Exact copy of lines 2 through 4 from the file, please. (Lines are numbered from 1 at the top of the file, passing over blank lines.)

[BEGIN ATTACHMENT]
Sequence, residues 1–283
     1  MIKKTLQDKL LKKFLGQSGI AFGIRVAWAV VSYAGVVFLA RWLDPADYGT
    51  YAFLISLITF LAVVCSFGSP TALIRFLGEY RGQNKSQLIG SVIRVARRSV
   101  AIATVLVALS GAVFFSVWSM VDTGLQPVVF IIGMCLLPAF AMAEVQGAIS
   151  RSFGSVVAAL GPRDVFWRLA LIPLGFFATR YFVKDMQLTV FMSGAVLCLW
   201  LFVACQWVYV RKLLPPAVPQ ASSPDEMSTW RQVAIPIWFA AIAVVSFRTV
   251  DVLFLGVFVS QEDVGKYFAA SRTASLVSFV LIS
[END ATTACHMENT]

     1  MIKKTLQDKL LKKFLGQSGI AFGIRVAWAV VSYAGVVFLA RWLDPADYGT
    51  YAFLISLITF LAVVCSFGSP TALIRFLGEY RGQNKSQLIG SVIRVARRSV
   101  AIATVLVALS GAVFFSVWSM VDTGLQPVVF IIGMCLLPAF AMAEVQGAIS